Osteoporosis, which literally means porous bone, is a term most of us are familiar with. We may have had experience with the disease or have a friend or relative who has suffered a fracture due to low bone mass. In fact, osteoporosis may not be diagnosed until the occurrence of a fracture or, in many cases, people get their fractures fixed without ever realizing they have osteoporosis or low bone mass. The consequences of this disease are significant. Statistics published by the National Osteoporosis Foundation include:
- One in two women and up to one in four men will break a bone in their lifetime due to osteoporosis. For women, the incidence is greater than that of heart attack, stroke and breast cancer combined.
- Twenty four percent of hip fracture patients age 50 and over die in the year following the fracture.
- Every year, of nearly 300,000 hip fracture patients, one-quarter end up in nursing homes and half never regain previous function.
This outlook can be frightening, but the good thing is we can take proactive steps regarding our bone health. Our bones are living tissue and are constantly changing, and our bodies have an amazing ability to adapt to our surroundings and the stresses that are placed upon it.
The ideal time to work on preventing osteoporosis is in our youth, as our bones are continually growing until we reach peak bone mass around the mid-20’s. According to the International Osteoporosis Foundation, a 10% increase in peak bone mass in children will reduce the risk of an osteoporotic fracture during adult life by 50%. That is a pretty good return on an investment in good nutrition and physical activity as a child and young adult.
But what do we do if are in our 30’s, 40’s, 50’s or beyond? Or what if we have already been diagnosed with osteopenia or osteoporosis? Can we still take steps to prevent osteoporosis or mitigate is effects? There are many risk factors that we cannot change such as age, sex, and family history. But we can take proactive steps regarding our diet and physical activity. In regards to physical activity, one principal we can explore is Wollf’s Law (developed by German anatomist and surgeon Julius Wolff), which states that bones grow and strengthen under pressure. If loading on a particular bone increases, the bone will remodel itself over time to become stronger to resist that sort of loading. In other words, bones strengthen just where they need it the most. A prevalent theory is that you need high-impact activities, such as running and weight lifting, to produce this stress and build bone mass.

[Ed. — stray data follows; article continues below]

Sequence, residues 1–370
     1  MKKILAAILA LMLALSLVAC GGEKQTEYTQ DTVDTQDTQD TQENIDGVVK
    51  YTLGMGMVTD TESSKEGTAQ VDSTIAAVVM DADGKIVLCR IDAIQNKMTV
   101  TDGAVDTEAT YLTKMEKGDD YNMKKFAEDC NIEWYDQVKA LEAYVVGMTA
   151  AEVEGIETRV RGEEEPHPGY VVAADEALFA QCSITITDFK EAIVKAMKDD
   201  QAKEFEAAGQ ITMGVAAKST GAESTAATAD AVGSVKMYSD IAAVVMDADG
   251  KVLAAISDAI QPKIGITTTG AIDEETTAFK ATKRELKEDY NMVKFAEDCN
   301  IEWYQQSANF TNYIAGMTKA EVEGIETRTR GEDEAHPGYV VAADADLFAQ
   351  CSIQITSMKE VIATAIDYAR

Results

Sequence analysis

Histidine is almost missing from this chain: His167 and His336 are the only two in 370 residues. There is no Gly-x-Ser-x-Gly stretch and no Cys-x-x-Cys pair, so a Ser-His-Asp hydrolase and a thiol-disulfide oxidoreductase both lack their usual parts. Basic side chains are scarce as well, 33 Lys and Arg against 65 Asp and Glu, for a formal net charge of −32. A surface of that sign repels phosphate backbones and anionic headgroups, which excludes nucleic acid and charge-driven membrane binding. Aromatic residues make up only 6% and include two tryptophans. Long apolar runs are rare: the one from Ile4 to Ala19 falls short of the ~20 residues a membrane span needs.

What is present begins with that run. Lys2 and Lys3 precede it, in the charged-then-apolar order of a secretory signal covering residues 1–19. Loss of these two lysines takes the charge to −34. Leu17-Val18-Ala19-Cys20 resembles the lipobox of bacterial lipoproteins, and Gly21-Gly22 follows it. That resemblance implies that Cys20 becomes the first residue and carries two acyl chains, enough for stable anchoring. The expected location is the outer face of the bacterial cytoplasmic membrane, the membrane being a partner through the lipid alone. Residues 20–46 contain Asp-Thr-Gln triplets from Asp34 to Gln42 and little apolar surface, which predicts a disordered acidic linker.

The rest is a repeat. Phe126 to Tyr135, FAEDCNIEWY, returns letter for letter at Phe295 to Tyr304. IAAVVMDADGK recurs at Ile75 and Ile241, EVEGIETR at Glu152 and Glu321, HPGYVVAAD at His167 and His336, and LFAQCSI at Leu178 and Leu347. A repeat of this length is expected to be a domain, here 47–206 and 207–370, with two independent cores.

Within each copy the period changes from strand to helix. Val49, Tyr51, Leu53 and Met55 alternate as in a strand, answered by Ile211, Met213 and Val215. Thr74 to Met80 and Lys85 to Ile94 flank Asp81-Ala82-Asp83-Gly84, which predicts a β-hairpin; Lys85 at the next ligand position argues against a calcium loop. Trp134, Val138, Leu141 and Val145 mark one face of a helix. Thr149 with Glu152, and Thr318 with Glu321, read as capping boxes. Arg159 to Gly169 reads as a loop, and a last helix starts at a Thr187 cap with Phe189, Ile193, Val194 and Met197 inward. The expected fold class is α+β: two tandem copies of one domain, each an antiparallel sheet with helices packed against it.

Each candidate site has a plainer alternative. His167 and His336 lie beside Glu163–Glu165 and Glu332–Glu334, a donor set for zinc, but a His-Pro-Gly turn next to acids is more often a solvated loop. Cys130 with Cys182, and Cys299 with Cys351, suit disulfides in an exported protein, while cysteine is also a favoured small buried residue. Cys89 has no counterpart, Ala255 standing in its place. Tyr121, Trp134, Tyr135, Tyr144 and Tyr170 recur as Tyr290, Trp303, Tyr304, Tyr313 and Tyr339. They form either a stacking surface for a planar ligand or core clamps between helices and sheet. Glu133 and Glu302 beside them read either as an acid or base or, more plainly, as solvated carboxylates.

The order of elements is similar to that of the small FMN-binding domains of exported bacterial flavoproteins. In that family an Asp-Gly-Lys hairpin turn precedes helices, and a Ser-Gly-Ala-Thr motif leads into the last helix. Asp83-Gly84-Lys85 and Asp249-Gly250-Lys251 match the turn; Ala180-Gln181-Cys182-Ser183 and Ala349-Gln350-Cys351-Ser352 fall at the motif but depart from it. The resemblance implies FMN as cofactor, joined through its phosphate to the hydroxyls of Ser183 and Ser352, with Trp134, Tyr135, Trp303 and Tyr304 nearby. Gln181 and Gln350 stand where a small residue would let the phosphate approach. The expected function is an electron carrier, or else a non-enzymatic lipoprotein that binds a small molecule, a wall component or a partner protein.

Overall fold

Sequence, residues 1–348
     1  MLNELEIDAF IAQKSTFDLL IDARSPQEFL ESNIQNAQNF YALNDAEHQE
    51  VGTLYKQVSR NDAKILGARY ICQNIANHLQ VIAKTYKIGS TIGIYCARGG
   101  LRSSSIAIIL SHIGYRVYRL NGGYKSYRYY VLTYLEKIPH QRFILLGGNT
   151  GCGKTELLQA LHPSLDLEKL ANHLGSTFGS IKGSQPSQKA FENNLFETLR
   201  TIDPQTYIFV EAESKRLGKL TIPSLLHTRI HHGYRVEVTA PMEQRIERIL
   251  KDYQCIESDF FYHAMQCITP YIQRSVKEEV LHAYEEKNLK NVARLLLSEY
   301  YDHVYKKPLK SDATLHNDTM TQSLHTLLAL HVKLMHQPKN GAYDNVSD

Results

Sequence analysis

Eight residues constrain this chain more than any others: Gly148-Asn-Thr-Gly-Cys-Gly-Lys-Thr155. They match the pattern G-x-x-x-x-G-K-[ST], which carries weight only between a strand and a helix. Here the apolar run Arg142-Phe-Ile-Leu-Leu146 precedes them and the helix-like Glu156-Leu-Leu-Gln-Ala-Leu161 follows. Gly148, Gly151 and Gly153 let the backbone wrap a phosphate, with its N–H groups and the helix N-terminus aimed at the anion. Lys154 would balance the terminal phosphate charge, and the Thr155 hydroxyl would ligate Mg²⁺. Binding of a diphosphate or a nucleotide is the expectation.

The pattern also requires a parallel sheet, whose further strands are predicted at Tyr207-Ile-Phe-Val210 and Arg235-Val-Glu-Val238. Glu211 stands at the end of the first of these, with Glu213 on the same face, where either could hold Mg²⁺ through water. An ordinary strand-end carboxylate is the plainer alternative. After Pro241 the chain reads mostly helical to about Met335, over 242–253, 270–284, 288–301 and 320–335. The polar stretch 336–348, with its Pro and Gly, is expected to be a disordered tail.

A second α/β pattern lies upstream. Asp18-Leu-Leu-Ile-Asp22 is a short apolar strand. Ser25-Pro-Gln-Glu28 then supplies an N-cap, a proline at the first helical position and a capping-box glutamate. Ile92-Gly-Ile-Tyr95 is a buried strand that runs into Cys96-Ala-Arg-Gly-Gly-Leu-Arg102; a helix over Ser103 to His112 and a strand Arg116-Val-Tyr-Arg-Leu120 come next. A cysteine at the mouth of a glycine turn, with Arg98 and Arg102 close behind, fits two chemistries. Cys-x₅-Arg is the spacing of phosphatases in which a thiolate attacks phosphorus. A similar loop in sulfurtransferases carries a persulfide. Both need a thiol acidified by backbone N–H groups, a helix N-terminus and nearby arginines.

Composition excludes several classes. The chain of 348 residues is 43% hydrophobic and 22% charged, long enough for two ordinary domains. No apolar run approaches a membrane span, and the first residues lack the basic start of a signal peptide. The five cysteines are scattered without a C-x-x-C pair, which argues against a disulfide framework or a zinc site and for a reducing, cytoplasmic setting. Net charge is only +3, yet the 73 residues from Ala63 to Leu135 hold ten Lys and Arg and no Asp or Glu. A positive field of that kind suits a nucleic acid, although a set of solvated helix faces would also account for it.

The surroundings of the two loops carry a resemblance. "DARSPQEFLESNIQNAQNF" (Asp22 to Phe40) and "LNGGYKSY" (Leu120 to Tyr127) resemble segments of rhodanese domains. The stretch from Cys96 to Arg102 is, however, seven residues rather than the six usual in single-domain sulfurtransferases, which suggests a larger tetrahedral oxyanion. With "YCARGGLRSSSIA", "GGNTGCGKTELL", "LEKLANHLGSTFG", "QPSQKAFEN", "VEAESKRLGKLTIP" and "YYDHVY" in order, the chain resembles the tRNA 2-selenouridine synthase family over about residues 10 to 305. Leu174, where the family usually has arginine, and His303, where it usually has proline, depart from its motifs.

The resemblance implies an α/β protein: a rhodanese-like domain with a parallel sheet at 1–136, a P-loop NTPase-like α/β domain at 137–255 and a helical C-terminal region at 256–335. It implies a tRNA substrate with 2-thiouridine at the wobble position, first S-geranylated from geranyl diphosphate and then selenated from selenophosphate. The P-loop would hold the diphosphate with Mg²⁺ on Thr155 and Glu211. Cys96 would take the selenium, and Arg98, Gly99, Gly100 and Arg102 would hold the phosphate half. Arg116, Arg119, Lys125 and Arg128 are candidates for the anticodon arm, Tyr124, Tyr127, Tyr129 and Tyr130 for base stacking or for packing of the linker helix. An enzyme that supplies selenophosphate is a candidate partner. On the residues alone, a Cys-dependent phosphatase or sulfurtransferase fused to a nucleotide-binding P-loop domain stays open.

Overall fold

However, yoga has been proven to be a very effective tool in strengthening our bones. Yoga can effect the entire body, with standing poses stressing the large bones of the hips and legs, back bends effecting the spine, and inversions strengthening the wrists and shoulders. Yoga produces both the stress of dynamic loading when moving into a pose and static loading by holding a pose. Dr. Loren Fishman, Medical Director of Manhattan Physical Medicine and Rehabilitation in New York City, has had tremendous success working with individuals diagnosed with osteoporosis. He conducted a study among patients diagnosed with osteoporosis or osteopenia (a precursor to the disease) in which the individuals practiced a pre-determined set of yoga poses for merely 10 minutes per day over a two-year period. The results showed that their bone density increased, and even in patients in whom bone density did not significantly increase, they experienced an improvement in posture, balance and strength, which can be protective against fractures as well. If you are interested in reading more about his study and the results, please visit www.sciatica.org.
During the month of May, spend some time on your yoga mat in order to — borrowing the slogan from National Osteoporosis Month — “Break Free from Osteoporosis.”
As with any physical activity, please consult your physician regarding any other health risk factors and find a yoga class that offers the appropriate modifications for your level.